Well those are my top games of 2012, but what are yours? When you look back which games (or game systems) do you remember playing the most?
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fly pro
9:54 PM on 02.15.2011



Two Xbox 360's and close to six years later, I am beginning to doubt my loyalty to Microsoft. In a world where I can enjoy all three consoles of the current generation, for me, the console battle is between which gaming machine I choose to power on when it comes time to game. For over six years I have been a stagnant supporter of Microsoft, but has the company gone a little stale in the innovation department later or are there future offerings going to blow Sony out of the water?

When Sony's PS3 first came out I thought that I would never want to own the machine, after all I never owned a PS1 or PS2, so why would I want to own a PS3? Times and my thinking changed after Blu-Ray won the battle for the HD generation of movies and even though I bought the xbox's HDDVD add on I sprung for a PS3 in order to experience all future movies in gorgeous 1080p. Skip ahead two years and I still only have one game for the system, LittleBigPlanet, and I have no intention of buying any more. Things changed when Sony starts to get its act together.


Does this make you want to buy a PS3?

Early advertising issues aside, Sony really stepped its game up in 2010. When I walked into Gamestop, I found piles of used PS3 games that I had missed and that could be played during my gaming sessions for months. Now I have to play catch up before big sequels are released later this year, like Resistance 3. But you might say that the Xbox has the same amount of great exclusives, and I will grant this point. The two things that make the PS3 stand out are Blu-Ray discs and an open platform.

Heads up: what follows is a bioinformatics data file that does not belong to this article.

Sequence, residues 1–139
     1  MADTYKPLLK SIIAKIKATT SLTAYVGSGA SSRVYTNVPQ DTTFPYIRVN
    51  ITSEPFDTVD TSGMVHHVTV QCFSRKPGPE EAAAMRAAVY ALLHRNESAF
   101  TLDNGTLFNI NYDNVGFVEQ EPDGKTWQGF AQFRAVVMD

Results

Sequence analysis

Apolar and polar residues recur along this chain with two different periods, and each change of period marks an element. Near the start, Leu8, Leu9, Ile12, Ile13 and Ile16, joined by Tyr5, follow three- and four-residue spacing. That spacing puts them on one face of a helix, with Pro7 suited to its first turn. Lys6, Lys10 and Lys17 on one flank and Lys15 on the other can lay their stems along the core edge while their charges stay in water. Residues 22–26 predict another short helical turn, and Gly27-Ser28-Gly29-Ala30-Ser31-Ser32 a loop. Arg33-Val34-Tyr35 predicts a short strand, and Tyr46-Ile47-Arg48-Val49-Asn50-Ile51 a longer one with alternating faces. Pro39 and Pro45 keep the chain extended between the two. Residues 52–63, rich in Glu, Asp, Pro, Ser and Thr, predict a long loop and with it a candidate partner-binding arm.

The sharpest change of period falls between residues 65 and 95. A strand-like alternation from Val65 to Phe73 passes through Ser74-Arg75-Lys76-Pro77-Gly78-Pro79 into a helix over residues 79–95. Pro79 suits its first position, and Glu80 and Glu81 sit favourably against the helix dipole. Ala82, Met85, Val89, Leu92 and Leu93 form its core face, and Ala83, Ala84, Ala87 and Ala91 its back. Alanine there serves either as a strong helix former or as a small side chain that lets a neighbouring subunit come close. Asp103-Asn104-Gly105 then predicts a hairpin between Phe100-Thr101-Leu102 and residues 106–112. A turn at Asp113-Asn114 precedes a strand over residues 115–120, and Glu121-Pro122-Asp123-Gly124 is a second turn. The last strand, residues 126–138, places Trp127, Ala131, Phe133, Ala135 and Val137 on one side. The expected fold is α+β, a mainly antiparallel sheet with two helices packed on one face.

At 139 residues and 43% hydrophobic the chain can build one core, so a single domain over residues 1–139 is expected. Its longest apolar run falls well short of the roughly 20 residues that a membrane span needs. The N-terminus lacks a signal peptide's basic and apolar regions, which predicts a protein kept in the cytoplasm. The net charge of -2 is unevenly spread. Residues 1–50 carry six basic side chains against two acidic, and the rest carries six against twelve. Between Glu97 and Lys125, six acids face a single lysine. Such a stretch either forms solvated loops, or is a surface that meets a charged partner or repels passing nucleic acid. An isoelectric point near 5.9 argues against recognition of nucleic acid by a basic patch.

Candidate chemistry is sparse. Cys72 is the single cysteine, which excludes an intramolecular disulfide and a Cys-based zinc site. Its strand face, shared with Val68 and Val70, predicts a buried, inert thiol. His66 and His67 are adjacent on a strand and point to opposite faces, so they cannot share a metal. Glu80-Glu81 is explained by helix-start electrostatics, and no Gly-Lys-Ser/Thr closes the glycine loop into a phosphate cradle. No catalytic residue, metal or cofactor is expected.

Blu-Ray discs aren't only great for watching HD movies, simply put game developers can cram more stuff onto a Blu-Ray disc than an Xbox 360 DVD. I believe that is the reason we are seeing collections of games appearing on the PS3 and not the Xbox 360. The God of War Collection got the train rolling, and now we are seeing Prince of Persia, Splinter Cell, and Sly Cooper all receive collections on one disc for a reduced price. It is the best deal on the market, because you get two or three great games for less than one new game.

The openness of the PS3 is a debatable topic. But the point that I want to make is the availability of MMO's on the console. DC Universe has become one of my go to games lately and it is an experience that I can't have on the Xbox. Why aren't more developers making MMO's for the 360? Any new MMO could easily topple Final Fantasy XI, but Microsoft puts too many restrictions on the availability of content on the Marketplace, no MMO's and no day 1 digital downloads. Mass Effect 2 came out digitally and in retail stores on the same day. And with Steam coming to the PS3 things might get even better.

I'm still rooting for Microsoft in the coming months, but right now Sony is winning my console batte.
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Its that time of year again: Games of the Year.

Now that the results are in, 2010 seems to be just like every other year, almost every publication and video game outlet has decided upon Red Dead Redemption as the Game of the Year for 2010. The problem that I have with this is the sheer number of publications and websites that agree upon RDR. I mean why aren't publishers choosing any other game? Is Red Dead Redemption really the only game worthy of game of the year?

Let's start out by taking a critical look at the things that make up Red Dead Redemption.